Franz Stigler, Charlie Brown, And A Friendship Born From The Horror Of War

Published January 14, 2020

When Luftwaffe pilot Franz Stigler had American bomber Charlie Brown's defenseless plane in his sights in 1943, he not only let him go but then escorted him out of danger. A half-century later, the two men became close friends.

Franz Stigler And Charlie Brown

Public DomainU.S. Air Force Lt. Charlie Brown (left) and German Luftwaffe pilot Franz Stigler.

German Luftwaffe pilot Franz Stigler had an American B-17 piloted by Lieutenant Charles “Charlie” Brown at his mercy. Stigler amazingly chose to spare his enemy, resulting in a friendship that transcended war.

Charlie Brown Fighter Unit

U.S. Air ForceCharlie Brown’s fighting unit. Crew of “Ye Olde Pub.” Brown is second from left in bottom row.

First Mission

On December 20, 1943, Charlie Brown, a Virginia farm boy who joined the U.S. Army Air Forces, streaked across the skies near the German city of Bremen. His B-17 Flying Fortress, dubbed “Ye Olde Pub,” had a crew of ten and was one of 21 bombers targeting a Focke-Wulf aircraft plant.

The plant was guarded by 250 guns and innumerable fighters of the Luftwaffe. This was Brown’s first command mission as part of the 527th Bombardment Squadron. In order to impress his crew, he told them he was 25. He was really 21.


Wikimedia Commons.A German Focke-Wulf Fw 190, the type of fighter being produced at the plant in Bremen.

At first, all went according to plan. The Flying Fortresses took off from their base in England and by 9:40 a.m. assembled in formation at 8,000 feet. At 11:32 they reached the jumping-off point for the bombing run at 27,300 feet. The squadron turned to fly a straight course for the remaining 30 miles to the manufacturing plant and that’s when trouble began.

“Up to Our Ass in Trouble”

B17 Flying Fortress

U.S. ArmyA B-17 Flying Fortress, the same type of bomber that Charlie Brown flew.

Brown would later stated, “About two minutes before bombs away, immediately in front of us, I saw what appeared to be fantastically beautiful black orchids with vivid crimson centers.”

The aerial flora came from flak cannons unloading on Brown and other Flying Fortresses. Brown recalled, “This was no training mission; the guns, bullets, and bombs were real.”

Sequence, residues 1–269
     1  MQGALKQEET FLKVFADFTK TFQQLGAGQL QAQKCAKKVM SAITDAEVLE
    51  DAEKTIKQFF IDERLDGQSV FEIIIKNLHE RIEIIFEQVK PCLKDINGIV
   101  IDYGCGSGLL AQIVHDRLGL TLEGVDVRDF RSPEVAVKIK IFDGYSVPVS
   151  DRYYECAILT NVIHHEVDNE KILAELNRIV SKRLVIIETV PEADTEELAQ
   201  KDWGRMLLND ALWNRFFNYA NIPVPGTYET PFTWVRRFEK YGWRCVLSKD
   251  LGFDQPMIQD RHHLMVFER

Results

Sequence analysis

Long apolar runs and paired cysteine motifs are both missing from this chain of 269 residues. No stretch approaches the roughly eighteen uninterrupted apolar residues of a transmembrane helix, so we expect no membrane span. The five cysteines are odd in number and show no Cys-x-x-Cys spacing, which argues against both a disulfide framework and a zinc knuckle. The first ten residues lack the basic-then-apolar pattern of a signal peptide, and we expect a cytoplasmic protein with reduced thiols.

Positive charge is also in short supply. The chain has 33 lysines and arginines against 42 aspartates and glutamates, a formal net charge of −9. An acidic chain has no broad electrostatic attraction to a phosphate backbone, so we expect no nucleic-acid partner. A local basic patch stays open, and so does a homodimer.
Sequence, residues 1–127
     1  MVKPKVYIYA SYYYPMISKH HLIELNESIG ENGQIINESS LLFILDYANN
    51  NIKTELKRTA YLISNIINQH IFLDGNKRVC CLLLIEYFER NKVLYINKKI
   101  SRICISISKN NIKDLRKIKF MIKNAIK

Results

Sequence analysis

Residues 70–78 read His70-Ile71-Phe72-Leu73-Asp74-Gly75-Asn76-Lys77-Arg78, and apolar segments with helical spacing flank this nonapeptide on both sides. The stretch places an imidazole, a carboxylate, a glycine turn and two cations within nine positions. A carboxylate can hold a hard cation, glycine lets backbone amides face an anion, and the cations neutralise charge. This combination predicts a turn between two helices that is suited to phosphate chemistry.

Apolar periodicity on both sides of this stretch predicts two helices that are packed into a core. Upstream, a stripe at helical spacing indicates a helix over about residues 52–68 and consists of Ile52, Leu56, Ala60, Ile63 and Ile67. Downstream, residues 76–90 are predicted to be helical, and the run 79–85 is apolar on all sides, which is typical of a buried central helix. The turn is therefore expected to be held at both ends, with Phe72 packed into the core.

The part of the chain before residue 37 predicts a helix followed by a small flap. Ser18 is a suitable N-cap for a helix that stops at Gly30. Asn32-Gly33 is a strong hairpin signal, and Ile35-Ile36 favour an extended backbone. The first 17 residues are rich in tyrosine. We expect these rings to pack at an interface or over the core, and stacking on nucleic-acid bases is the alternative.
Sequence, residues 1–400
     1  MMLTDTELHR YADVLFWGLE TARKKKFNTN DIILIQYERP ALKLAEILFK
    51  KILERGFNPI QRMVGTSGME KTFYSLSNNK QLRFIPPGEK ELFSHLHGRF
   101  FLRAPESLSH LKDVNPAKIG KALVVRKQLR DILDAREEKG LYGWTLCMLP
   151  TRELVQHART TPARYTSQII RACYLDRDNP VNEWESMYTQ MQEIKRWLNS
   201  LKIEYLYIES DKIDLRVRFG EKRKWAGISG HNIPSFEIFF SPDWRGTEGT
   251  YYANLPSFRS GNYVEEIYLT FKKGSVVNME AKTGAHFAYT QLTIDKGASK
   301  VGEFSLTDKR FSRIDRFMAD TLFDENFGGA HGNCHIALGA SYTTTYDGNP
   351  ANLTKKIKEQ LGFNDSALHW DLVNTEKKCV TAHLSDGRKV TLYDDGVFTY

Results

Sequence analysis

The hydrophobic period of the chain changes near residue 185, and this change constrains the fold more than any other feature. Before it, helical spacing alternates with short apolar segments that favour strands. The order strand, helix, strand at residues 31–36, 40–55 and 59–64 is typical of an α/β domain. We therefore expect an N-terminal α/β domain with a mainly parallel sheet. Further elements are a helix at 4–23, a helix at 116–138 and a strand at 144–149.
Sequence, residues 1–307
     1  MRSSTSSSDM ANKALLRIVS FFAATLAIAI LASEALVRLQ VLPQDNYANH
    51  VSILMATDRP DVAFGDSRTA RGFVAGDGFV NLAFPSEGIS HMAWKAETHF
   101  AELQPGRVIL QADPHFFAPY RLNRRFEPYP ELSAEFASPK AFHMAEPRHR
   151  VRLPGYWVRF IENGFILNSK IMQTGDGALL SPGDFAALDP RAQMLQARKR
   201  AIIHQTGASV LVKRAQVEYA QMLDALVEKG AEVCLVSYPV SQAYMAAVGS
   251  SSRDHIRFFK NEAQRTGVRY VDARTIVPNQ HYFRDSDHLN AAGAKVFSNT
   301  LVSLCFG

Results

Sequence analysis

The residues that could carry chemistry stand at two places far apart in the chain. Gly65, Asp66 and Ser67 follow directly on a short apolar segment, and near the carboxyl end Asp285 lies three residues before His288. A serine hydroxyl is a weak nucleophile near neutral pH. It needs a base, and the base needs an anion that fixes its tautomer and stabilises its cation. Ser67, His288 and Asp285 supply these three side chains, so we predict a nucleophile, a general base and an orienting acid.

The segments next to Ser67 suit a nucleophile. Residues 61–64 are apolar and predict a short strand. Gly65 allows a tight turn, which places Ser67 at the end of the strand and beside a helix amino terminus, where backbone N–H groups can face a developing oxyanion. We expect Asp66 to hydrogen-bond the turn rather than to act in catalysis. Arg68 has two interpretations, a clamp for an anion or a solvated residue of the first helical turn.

“Ye Olde Pub” was hit over and over. The Flying Fortress’s nose was damaged and the oil pressure on one of the engines starting dropping. Meanwhile, Brown’s bombardier let loose his three-ton payload hoping to lighten the load.

Brown tried to bring his plane back into the formation but his sister bombers were dropping fast. Ye Olde Pub was alone — a perfect, isolated target. As another engine failed, German fighters came. Brown said, “This is no movie; we’re up to our ass in trouble.”

A Nightmare

Messerschmitt 109

Wikimedia Commons.Messerschmitt 109, the type of fighter Franz Stigler’s flew when he spared Brown’s Flying Fortress.

There were at least six FW-190s that bore down on Ye Olde Pub. One of Brown’s crew poured gunfire out of .50 caliber twin guns while another opened up with the nose gun, attack the fighters ahead of the B-17. The Flying Fortress then started taking fire in its rear and soon its radio room. Brown recalled, “I was scared, I don’t give a damn who knows it.”

The German fighters mauled the bomber and the crisis for the Americans mounted; the Flying Fortress only had one of its eleven guns working. Then Brown looked out and saw a Messerschmitt 109 about a yard away from his wing.

The German fighter was painted black; a night fighter. Brown thought that this was it. His co-pilot said, “My God, this is a nightmare.”

But then, something amazing happened: the pilot nodded at them, saluted, and broke away.

It was a remarkable act of chivalry, but the dumbfounded Brown needed to save his plane, heading off as best he could toward Britain. Just as the plane was losing altitude and they would be forced to ditch into the sea, Brown saw the British coast and soon an airbase.